Just Short(rib) of Excellence

First hint of failure...the meat should have been falling off the bone, not carved.

I’m just going to put it out there right now – this blog is not all success stories.  I am far from a top chef, and as you can tell, much of this is just musings on my culinary experimentation.  And while I have no qualms messing around with cans of tomato sauce or $7 Perdue chicken roasters, I get a little disappointed in myself when I screw up a $30 piece of meat.  I mean, short ribs SOUND easy, especially when you’re using Tom Colicchio’s recipe, promising something tender, succulent, falling off the bone yet somehow maintaining a deliciously charred crust, to emerge from the oven.  Unfortunately for me, after narrowly avoiding third degree burns and coming even closer to ruining my broiler, all I got was a a decently flavorful, overly tough, and to be honest, quite fatty, hunk of beef.  Sliced up and served atop a bed of mashed potatoes, it was almost good.  Not bad.  Just…meh.  The biggest takeaways from this experiment were some awesome pictures (seen below), and two very important lessons:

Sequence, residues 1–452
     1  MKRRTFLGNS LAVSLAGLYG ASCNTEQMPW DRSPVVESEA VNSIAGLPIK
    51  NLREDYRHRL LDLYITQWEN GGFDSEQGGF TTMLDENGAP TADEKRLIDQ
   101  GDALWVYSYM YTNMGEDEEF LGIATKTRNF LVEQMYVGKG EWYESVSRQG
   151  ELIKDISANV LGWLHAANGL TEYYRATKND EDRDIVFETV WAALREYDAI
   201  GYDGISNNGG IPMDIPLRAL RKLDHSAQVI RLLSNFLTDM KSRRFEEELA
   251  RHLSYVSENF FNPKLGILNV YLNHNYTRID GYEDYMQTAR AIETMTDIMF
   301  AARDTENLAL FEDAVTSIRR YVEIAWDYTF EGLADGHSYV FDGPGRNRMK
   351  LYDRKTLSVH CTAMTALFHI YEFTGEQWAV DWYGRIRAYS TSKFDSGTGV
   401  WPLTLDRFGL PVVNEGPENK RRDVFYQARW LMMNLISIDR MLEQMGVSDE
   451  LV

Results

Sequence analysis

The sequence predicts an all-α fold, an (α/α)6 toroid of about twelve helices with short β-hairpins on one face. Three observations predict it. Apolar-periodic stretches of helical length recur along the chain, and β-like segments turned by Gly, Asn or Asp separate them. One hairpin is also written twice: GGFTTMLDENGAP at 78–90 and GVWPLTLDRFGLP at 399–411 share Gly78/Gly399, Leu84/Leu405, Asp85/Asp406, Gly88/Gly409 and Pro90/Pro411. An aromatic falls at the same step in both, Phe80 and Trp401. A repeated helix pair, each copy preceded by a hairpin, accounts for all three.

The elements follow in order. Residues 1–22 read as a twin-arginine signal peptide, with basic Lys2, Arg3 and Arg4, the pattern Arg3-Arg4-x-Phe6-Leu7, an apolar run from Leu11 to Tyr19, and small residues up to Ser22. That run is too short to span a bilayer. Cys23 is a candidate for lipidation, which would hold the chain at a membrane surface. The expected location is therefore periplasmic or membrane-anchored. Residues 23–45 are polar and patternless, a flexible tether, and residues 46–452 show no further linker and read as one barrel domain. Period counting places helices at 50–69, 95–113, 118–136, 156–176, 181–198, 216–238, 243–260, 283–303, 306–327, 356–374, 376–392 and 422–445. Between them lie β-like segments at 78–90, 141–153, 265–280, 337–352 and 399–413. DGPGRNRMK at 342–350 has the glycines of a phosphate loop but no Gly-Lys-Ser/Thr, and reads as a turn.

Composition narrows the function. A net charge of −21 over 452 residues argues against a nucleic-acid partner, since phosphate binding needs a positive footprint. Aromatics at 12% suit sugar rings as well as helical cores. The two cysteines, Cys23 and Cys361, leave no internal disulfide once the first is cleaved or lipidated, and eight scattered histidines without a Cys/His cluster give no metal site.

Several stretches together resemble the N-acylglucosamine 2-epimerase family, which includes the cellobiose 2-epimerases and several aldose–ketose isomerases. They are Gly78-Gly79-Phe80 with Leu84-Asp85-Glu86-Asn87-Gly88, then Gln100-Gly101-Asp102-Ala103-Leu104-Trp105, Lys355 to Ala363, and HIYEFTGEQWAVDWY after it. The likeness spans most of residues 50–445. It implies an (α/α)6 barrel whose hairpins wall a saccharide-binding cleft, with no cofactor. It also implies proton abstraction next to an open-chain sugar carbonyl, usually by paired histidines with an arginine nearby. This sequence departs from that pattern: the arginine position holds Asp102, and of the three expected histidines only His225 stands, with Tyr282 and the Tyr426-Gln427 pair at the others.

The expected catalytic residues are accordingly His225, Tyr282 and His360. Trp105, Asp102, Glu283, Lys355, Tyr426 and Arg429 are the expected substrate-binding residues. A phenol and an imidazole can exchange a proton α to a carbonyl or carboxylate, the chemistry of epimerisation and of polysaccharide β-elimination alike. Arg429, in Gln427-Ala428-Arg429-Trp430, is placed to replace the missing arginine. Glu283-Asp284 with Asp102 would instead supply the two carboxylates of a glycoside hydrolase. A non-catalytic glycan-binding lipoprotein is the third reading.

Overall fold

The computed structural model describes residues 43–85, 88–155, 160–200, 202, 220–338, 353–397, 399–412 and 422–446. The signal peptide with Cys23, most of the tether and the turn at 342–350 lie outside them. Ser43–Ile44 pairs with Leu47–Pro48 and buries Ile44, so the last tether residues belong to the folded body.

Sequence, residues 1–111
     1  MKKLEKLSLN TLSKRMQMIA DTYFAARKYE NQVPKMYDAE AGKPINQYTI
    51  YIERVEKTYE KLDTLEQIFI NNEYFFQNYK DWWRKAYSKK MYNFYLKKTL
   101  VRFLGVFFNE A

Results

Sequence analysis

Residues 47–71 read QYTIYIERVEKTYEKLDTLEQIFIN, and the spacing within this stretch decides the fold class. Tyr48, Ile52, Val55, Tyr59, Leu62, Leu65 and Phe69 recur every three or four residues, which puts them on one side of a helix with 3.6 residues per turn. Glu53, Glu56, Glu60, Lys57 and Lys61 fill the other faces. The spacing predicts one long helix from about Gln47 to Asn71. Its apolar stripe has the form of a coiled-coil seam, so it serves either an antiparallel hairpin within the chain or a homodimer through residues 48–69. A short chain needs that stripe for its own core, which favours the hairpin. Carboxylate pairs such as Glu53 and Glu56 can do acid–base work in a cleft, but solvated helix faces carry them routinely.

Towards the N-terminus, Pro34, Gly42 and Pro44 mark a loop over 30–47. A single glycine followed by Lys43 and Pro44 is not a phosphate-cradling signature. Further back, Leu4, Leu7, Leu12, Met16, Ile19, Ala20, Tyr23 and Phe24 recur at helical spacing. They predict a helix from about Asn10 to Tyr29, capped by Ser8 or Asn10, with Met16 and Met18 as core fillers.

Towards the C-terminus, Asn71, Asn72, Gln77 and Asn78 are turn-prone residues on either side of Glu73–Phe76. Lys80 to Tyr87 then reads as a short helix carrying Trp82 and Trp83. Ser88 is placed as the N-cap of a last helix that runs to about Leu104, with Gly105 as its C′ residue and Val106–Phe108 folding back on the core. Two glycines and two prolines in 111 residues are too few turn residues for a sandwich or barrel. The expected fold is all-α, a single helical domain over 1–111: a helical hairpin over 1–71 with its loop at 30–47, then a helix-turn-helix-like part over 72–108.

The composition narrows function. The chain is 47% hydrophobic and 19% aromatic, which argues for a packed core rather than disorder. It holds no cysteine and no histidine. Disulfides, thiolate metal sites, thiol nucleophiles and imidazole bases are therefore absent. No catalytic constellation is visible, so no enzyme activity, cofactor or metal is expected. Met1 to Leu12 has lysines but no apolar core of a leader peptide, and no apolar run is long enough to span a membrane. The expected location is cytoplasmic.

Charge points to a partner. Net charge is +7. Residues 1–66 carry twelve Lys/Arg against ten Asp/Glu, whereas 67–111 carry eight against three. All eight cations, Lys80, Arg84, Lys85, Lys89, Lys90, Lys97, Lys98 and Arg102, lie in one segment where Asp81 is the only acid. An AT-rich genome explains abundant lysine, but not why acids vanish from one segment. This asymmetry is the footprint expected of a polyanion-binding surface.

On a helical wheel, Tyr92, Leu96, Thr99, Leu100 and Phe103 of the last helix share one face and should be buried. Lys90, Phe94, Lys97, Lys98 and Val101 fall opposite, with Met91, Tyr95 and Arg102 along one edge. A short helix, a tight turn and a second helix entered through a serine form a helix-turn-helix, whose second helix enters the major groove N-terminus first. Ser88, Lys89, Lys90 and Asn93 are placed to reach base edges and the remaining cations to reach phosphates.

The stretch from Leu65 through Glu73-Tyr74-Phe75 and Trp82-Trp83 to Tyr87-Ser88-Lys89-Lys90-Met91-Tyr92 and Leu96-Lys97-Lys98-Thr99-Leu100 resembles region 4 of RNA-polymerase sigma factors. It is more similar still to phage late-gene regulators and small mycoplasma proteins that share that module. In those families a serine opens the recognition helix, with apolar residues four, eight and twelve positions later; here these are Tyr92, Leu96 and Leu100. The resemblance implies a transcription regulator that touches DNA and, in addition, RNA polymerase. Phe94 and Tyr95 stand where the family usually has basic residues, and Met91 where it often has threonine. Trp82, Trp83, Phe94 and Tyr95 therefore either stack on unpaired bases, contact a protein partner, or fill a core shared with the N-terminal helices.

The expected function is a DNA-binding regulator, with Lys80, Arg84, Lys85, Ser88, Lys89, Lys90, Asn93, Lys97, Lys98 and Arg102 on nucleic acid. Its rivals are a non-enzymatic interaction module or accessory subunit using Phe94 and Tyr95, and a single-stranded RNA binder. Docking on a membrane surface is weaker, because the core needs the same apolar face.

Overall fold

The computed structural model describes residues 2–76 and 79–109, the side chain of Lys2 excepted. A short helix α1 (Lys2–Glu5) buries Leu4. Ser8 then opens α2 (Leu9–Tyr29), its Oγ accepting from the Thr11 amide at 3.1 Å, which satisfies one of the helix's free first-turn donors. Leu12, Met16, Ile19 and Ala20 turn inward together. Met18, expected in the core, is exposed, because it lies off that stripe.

1.  Impatience ruins tasty proteins. At several points in the cooking and braising process I felt the meat needed more time, that it wasn’t quite at the place it should be before moving on.  Yet, I was following Tommy C’s directions, and was really hungry, so I moved on to the next step.  I’m guessing another 30 minutes in the oven would have yielded an entirely different meal.

2.  Don’t braise on a work night.  Especially a Monday. You get started late, don’t want to stay up or eat too late, it’s all just a recipe for undercooked, tough short ribs.   No one wants to come home anticipating a three hour wait for dinner.  And what if your ribs need more time, as mine did?  Well, i think that can be summed up in three familiar words: tough short ribs.

Failures aside, it was decently tasty, and looked pretty.  So I’ll leave you with some photos and the anticipation of future short rib success now that I’ve learned my lessons.


I never said it wasn't well-seasoned

The Julia Child copper sauce pan makes a cameo to brown some butter. Goes great with mashed taters.

It LOOKS good, right?


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